Julie Timm is the CEO of Sound Transit.
We’re excited to tell you about changes we’re bringing to Link this year to improve your riding experience.
As transit systems nationwide continue recovering from the challenges of the pandemic, we are investing in a number of ways to welcome people back to the system as we see ridership climbing above pre-pandemic levels.
One of the most visible changes that we will be making is the introduction of station agents at Northgate and Westlake stations, the busiest on the system, as part of a year-long pilot program.
Teams of agents will cover the stations 16 hours a day to help answer questions, provide directions and in general supply riders with some extra support when they need it.
Agents have already started working weekdays and we’re hiring more staff to cover weekends as soon as possible.
We have had a Station Agent at our SeaTac/Airport station for several years and at Sounder stations since that service started in 2000.
The station agents also provide another set of customer-focused eyes in the station so we can quickly respond to the needs of our riders.
The pilot program provides an opportunity to evaluate how we may further expand their roles at other Link stations as the system continues to grow.
The station agents aren’t the only new faces you’ll be seeing.
Our Board recently approved agreements with four security contractors to provide civilian security officers at Sound Transit stations and on board 1 Line trains.
These contracts were signed in February 2023, and the hiring and training process is underway. You will start seeing more security officers throughout our system in the coming months.
The benefit of having multiple vendors is that a single provider is not on the hook to provide the more than 300 security officers needed to be fully staffed 24 hours a day, 7 days a week.
If one vendor is experiencing staffing challenges, then one of the other three providers can be tapped to rapidly fill that gap.
We have a lot of other improvements in the works this year. Here’s a few of the other changes riders can expect to see in the coming months. Stay tuned for details and timing.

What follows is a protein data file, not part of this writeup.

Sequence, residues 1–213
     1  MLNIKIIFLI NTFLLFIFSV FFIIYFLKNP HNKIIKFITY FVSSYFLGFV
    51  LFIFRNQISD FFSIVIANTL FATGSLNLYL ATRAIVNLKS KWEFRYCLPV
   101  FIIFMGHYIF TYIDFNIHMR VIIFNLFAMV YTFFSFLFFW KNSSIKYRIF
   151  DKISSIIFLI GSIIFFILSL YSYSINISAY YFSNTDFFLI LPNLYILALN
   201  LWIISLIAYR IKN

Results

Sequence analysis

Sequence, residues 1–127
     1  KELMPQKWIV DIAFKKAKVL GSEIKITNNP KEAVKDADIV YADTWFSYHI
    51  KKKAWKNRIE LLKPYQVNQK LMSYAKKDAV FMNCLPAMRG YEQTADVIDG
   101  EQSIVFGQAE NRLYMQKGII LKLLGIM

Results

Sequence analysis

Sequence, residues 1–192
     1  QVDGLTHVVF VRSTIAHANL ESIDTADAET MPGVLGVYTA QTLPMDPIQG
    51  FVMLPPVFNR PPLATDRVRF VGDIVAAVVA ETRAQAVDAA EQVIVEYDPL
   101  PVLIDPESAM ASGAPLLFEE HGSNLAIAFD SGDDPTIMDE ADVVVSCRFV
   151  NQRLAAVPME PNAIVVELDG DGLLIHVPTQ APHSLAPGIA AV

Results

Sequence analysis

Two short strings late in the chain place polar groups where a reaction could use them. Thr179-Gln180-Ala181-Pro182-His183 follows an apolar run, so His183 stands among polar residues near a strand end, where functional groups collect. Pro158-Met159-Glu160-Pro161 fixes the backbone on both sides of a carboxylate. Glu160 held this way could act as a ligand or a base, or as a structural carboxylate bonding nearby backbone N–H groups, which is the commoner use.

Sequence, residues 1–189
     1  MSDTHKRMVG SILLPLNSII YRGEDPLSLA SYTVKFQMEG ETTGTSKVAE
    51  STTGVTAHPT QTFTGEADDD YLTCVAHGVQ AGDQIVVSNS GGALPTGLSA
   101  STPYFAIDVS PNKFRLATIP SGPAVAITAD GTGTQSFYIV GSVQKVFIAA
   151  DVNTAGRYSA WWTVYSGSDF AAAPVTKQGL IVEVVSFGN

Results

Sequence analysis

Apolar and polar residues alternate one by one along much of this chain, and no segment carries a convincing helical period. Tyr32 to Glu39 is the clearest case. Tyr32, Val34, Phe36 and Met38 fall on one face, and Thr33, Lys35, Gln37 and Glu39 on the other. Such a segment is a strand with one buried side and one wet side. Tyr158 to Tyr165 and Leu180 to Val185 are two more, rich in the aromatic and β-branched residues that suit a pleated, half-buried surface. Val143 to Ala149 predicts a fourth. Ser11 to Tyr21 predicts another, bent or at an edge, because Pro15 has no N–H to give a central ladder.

New station cleaning protocols to provide more frequent power washing and new trash cans at the platform level of downtown Seattle tunnel stations.
Partnering with King County Community Health Services to have crisis response teams on trains and checking downtown stations to help those who need to connect with resources.
Testing new seating on 1 Line trains with more durable and easy-to-clean materials.
Lighting improvements at Rainier Valley stations to replace original fixtures with new energy-saving LED lighting.
Finally, we know that the performance of escalators and elevators, particularly in the Downtown Seattle Transit Tunnel (DSTT), remains a concern for many of our riders, and addressing those concerns is a top priority for us.
We continue to have crews dedicated to repair work with the requirement that they must respond to reported issues within one to two hours.
Other long-term elevator/escalator improvements are coming for the downtown stations.
This year we begin the procurement process to start escalator equipment modernization, which is currently planned to start at the International District station early next year.
The past few years haven’t always been easy for our riders, and we appreciate your patience.
We want you to know that we have heard your concerns and are taking steps to address them.
We’ll keep you informed as we introduce new changes throughout the year. Keep an eye out for them, as we do our best to make your ride great.